I recommend for Auckland folKs (as you are many) to firstly stage a march there, verty quickly and have a camera crew and madia present for RNZ to place it on the nightly news for better impact. IMRIGHT, ARE YOU ATTENDING IN SUPPORT OF TPP11 OR AGAINST IT?

      I have attended two TPPA marches last year or so in Gisborne even as I am disabled.

      • Disabled (poisoned) in Canada or NZ?, you spent many years in Canada, as you tell us in your posts, you have been on a sickness benefit from early 90’s up to you hit 65 and recieve super….is the amount of super reduced as you were not resident in NZ for many years of your working life?

  11. I have submitted 2 OIA questions via fyi.org.nz to get the background on why the National Interest Analysis did not include the bottled water issue. Neither did the Waitangi Commission report describe the situation as Jane has now said.

    Is anyone keen to help work up some sample examples of things a democratic government may wish to do – but it appears if the TPPA is passed they could not? These could be very compelling I think as part of the campaign from now.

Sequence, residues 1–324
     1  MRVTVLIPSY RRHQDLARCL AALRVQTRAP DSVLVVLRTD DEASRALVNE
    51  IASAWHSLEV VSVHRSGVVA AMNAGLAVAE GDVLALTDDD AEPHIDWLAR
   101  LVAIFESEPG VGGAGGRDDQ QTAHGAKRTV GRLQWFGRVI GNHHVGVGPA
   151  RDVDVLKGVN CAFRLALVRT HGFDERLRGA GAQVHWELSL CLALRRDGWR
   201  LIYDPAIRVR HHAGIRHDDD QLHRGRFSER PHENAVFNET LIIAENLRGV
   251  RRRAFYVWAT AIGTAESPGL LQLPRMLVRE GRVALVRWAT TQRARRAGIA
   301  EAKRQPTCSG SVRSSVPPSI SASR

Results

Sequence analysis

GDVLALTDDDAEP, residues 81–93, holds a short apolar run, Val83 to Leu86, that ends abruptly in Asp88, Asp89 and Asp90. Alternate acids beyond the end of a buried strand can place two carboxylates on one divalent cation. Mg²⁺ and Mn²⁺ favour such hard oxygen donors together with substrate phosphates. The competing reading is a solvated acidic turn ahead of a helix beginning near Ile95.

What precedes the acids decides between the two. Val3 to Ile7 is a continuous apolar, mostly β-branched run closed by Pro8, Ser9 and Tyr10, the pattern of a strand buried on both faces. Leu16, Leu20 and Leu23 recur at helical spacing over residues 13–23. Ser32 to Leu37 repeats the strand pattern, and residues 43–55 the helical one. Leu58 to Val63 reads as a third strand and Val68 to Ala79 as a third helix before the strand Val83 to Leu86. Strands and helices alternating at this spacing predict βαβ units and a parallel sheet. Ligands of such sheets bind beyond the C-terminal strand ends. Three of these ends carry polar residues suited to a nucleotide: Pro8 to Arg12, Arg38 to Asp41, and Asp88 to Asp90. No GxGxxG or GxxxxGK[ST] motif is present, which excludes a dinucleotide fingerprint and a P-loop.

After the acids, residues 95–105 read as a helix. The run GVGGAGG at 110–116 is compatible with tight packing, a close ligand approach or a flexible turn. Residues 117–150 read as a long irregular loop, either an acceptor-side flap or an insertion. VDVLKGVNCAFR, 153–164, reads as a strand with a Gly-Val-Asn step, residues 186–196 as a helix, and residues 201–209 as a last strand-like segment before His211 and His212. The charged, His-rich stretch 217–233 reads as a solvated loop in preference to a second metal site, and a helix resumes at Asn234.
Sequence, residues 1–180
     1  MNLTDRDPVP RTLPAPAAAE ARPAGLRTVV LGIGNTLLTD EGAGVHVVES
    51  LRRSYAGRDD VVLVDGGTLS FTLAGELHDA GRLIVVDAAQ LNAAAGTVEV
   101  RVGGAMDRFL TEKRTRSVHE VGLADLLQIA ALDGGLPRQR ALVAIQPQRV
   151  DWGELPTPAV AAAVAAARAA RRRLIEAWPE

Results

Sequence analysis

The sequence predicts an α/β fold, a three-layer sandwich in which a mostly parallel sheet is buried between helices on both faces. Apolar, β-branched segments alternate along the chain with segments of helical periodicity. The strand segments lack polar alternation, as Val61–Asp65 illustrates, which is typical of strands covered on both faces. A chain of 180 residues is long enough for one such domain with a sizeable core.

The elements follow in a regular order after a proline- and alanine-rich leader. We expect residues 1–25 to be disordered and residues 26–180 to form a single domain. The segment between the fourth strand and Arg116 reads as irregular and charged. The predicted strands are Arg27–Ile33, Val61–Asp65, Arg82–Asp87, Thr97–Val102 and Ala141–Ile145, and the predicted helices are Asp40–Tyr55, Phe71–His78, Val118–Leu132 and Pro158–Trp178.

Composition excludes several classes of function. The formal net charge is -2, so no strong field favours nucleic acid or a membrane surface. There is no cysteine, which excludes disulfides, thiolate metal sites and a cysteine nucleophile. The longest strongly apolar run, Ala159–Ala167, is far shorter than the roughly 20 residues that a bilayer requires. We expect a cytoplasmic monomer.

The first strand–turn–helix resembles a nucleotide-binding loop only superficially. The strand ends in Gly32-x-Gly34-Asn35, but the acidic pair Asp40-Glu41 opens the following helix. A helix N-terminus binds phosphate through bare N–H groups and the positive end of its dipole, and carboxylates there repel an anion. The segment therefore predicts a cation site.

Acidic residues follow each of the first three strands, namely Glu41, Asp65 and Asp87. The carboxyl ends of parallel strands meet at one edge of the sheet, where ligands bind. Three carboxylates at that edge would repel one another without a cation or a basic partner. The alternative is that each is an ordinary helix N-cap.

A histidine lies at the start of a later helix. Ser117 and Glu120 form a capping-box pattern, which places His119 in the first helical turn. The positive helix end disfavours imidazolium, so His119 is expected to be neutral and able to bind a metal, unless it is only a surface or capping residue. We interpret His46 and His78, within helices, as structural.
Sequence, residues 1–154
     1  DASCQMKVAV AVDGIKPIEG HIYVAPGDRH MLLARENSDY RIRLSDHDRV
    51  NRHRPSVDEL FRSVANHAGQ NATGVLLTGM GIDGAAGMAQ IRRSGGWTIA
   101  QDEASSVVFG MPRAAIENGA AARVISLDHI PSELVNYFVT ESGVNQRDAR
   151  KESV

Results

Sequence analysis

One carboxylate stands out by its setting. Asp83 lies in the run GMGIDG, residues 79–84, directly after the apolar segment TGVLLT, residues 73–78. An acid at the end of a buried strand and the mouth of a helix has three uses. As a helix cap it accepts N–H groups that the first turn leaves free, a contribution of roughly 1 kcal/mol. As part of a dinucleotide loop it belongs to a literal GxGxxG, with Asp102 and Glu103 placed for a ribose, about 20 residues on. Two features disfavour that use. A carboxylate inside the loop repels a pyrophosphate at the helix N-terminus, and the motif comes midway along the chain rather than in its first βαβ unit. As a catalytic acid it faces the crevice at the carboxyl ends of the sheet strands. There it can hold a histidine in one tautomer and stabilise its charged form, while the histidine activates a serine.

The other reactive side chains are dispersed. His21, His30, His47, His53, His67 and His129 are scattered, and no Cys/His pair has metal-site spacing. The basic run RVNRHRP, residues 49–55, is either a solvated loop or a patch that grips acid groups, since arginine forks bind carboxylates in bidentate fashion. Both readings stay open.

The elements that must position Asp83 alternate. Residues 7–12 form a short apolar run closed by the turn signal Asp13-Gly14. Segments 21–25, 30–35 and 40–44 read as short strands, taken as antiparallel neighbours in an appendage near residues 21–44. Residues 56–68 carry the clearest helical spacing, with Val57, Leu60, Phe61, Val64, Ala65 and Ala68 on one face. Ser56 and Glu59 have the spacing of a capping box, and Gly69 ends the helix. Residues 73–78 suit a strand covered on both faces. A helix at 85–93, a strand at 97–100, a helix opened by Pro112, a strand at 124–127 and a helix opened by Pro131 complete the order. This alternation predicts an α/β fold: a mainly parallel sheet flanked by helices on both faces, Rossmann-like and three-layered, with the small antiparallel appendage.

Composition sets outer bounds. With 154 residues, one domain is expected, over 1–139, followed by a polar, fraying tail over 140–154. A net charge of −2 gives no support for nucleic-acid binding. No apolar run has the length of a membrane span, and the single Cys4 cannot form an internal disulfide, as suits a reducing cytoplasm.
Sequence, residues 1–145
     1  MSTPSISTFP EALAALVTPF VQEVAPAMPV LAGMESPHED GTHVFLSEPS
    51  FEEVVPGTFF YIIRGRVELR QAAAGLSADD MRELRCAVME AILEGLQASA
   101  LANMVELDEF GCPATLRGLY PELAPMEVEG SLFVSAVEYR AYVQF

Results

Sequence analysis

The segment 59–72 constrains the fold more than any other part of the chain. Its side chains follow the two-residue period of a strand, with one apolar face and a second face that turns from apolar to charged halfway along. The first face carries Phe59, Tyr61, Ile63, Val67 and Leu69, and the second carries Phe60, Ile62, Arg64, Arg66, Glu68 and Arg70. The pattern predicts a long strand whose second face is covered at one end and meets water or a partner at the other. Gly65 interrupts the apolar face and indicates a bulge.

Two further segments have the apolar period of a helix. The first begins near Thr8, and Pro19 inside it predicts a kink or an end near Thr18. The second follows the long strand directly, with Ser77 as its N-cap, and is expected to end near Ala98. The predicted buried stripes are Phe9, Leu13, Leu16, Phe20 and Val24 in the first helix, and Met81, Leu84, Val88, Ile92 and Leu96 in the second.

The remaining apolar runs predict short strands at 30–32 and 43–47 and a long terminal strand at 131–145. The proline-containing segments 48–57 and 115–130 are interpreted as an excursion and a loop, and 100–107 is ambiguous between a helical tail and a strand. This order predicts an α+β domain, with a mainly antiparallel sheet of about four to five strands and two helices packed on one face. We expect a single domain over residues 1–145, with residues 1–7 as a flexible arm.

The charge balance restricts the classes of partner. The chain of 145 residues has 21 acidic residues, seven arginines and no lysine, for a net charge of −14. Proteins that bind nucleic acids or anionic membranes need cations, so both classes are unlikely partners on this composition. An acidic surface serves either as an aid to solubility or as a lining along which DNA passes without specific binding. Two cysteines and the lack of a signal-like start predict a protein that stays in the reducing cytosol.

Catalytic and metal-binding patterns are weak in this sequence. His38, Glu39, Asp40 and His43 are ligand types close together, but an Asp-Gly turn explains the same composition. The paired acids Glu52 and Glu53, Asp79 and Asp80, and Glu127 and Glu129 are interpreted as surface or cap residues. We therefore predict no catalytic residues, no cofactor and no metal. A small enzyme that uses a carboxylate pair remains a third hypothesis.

• Exporting the water being exported is not deemed as threatening national interests, I suppose, because of the small amount of it.

      While it may get some people worked up, it does not seem to bother others.

      What is of concern is that there is NO royalty or any charge on water, on a particular resource, while petroleum and so seem to justify royalties being charged.

      That needs to be remedied, so royalties must be charged, if need be across the board, also to local sellers of water.

      The issue seems to be that there cannot be any discrimination between local sellers and exporters, that is due to trade agreements.

      And it was LABOUR who pushed for the China NZ FTA, supported by the Nats, that left loopholes, so Labour have stuff to answer to. The Greens and NZ First opposed that deal.